Life on other plan­ets

We have finally taken our search for extra-ter­res­trial life seri­ously. But just how are we approach­ing this sys­tem­atic search for a needle in a haystack?

What is it about life out­side the Earth that excites us so much? This was one of the ques­tions Ian Sample of The Guardian asked Dr Stuart Clark two weeks ago on the Sci­ence Weekly pod­cast. Around nine­teen min­utes into the show comes the ques­tion, Why are we so keen on this idea?… There is some­thing about this which seems to be end­lessly appeal­ing to us. What is this?’

I thought about this a lot,’ replies Dr Clark, because I wanted to imbue (the book) with some sense of the phi­los­o­phy of why we do this and why this seems to cap­ture us so much.’ He is, of course, talk­ing about his latest book, The search for Earth’s twin. I think he comes up with a rather diplo­matic answer: the idea that there could be other plan­ets with life out there, he says, is ter­rif­i­cally life-affirm­ing’. To astronomers and astro­physi­cists, and to physi­cists in gen­eral, this is a ques­tion less about faith and more about the work we do. On the one hand is how Mr Sample points out that arti­cles writ­ten about Earth-like plan­ets become wildly pop­u­lar on the web irre­spec­tive of how many remark­ably sim­i­lar ones get pub­lished in even a brief span of time, which is strangely true, and how Dr Clark attrib­utes it to human nature, which is also true, and on the other is a harder truth: the Earth will not last for­ever, humans want to.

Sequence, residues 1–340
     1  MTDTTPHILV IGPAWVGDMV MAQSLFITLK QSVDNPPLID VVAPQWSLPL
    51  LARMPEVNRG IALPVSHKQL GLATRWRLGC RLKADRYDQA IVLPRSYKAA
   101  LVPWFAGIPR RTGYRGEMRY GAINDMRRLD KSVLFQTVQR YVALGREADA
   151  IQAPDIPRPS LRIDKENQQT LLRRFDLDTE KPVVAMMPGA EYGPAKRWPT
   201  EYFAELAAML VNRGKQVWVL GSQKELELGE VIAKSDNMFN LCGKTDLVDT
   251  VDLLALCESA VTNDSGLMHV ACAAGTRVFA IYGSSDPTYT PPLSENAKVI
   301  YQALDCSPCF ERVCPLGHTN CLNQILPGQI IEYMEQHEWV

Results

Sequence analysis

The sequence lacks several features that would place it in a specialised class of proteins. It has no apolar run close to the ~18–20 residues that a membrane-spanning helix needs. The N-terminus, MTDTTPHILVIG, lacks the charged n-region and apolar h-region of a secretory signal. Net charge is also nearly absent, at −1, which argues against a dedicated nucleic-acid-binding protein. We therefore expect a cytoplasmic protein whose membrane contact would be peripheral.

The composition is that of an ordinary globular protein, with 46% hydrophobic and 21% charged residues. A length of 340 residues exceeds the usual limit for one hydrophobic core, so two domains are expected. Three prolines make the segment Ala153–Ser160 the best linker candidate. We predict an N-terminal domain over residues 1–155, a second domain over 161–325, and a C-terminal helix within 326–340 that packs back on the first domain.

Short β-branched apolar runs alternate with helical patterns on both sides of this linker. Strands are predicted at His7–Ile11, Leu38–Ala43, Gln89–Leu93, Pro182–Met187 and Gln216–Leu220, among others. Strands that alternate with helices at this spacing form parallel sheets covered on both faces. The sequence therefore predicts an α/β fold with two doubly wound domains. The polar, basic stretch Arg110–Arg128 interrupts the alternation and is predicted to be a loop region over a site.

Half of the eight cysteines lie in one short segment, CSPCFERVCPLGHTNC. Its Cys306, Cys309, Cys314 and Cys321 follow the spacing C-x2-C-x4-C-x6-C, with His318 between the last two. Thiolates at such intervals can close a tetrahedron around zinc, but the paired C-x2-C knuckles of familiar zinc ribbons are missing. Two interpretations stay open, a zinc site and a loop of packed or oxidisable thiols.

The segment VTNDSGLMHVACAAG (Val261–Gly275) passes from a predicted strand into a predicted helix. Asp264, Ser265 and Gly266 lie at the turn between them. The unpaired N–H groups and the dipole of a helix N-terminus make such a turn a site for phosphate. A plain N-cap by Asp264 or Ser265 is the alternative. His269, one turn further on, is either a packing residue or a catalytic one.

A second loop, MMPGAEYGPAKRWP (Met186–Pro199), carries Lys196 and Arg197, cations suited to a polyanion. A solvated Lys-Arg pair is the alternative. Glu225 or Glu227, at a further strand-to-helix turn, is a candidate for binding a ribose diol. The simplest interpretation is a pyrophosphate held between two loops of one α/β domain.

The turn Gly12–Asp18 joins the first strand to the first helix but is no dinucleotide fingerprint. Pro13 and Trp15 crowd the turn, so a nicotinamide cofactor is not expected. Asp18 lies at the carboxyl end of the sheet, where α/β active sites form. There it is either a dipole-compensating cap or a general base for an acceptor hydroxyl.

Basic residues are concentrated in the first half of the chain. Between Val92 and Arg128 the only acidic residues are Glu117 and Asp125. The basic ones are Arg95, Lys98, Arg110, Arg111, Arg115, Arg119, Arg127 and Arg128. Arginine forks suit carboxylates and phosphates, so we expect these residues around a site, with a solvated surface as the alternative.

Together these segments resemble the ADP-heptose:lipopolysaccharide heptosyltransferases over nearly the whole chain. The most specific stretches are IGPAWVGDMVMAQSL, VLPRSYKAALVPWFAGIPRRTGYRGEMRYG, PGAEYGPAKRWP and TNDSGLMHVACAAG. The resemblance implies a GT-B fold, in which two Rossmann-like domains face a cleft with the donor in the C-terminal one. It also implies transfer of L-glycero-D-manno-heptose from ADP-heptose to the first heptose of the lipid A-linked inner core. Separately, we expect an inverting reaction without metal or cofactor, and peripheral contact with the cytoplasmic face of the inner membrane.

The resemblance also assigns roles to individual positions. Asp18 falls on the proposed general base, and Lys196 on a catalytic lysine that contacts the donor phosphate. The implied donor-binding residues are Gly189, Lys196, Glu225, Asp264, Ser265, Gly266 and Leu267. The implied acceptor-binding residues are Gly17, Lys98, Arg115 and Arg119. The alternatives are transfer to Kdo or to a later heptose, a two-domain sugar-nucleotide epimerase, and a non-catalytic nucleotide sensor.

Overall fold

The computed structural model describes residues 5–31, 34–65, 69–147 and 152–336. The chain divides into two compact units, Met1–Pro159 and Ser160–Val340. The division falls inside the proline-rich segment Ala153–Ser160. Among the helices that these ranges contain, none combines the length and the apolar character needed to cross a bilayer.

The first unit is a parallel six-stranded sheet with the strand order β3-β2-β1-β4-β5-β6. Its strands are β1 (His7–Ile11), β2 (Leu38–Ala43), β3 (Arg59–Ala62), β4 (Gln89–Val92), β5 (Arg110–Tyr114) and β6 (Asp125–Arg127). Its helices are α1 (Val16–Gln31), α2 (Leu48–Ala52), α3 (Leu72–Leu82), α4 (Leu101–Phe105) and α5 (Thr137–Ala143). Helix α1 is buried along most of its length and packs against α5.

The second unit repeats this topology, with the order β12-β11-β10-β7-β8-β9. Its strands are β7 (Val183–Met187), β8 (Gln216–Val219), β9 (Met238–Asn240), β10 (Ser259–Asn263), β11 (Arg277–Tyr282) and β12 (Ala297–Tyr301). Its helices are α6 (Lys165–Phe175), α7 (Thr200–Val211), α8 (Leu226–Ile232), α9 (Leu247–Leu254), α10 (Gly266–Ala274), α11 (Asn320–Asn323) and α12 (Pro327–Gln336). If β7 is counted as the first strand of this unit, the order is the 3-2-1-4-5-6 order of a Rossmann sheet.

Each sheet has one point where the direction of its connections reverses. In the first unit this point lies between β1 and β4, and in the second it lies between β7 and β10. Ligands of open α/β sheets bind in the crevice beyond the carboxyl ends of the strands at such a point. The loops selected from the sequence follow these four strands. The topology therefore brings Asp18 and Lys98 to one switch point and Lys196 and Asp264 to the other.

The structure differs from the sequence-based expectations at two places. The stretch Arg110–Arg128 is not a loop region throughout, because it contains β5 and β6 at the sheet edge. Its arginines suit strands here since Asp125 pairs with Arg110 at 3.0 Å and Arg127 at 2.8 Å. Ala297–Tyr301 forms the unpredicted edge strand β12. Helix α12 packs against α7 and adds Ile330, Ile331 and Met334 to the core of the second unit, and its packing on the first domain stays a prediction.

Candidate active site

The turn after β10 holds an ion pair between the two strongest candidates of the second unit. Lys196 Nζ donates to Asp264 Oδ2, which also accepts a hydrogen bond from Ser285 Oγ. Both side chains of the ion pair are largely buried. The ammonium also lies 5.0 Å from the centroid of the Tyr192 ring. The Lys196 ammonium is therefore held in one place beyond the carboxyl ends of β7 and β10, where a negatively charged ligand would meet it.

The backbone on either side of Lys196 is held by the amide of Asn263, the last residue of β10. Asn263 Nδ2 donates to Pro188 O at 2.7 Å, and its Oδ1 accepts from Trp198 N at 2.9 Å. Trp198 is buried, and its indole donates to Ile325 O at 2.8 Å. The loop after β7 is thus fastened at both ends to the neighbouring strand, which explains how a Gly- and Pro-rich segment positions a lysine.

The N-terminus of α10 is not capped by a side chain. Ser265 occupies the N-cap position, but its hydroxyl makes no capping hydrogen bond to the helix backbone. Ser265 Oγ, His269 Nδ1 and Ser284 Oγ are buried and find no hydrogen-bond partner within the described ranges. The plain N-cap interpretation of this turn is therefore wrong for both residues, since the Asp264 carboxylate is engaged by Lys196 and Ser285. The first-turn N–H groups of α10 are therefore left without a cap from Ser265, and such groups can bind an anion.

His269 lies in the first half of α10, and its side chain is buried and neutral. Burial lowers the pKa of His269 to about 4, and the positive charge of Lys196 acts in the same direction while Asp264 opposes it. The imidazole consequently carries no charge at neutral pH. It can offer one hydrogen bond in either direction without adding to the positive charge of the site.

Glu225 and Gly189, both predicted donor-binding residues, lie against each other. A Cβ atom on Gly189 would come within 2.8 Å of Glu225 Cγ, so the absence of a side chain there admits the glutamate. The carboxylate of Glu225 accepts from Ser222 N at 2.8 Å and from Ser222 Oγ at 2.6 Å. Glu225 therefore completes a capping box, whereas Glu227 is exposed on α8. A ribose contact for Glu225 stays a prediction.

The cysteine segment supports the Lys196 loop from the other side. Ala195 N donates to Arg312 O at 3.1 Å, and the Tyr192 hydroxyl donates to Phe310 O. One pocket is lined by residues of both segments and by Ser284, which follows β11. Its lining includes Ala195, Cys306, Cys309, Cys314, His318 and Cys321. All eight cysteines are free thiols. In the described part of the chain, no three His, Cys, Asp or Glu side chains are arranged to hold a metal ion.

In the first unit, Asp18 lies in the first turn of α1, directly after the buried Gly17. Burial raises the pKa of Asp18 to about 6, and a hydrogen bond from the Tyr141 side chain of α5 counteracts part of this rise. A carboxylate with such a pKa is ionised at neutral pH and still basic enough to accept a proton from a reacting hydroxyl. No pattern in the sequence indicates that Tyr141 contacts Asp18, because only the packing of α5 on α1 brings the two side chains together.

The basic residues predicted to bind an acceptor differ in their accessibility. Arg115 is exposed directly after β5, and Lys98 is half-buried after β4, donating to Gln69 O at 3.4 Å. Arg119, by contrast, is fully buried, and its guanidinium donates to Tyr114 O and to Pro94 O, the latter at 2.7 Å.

What makes a planet Earth-like?

The search for other plan­ets is a recent one, start­ing around 1995, and it was accel­er­ated some years ago with the launch of NASA’s Kepler mis­sion which led to the dis­cov­ery of thou­sands of plan­ets. Given that plan­e­tary sys­tems were so com­mon­place, our next search was for plan­ets that were most like Earth. The strongest argu­ment in favour of this is that life as we know it evolved in the con­di­tions present here on Earth, we know such life best and search­ing for such con­di­tions is our best bet. This does reduce the chances of find­ing life dra­mat­i­cally — or per­haps not at all — because var­i­ous other unfath­omable forms of life may already exist which are not hydro­car­bon-based like ours is, and we may be the minor­ity; none of this is cer­tain, which is why we set­tled to search for that which we know best. Kepler, how­ever, is no longer func­tion­ing, but has col­lected suf­fi­cient data that we can exam­ine it for quite a few years until ESA’s sim­i­lar mis­sion is launched.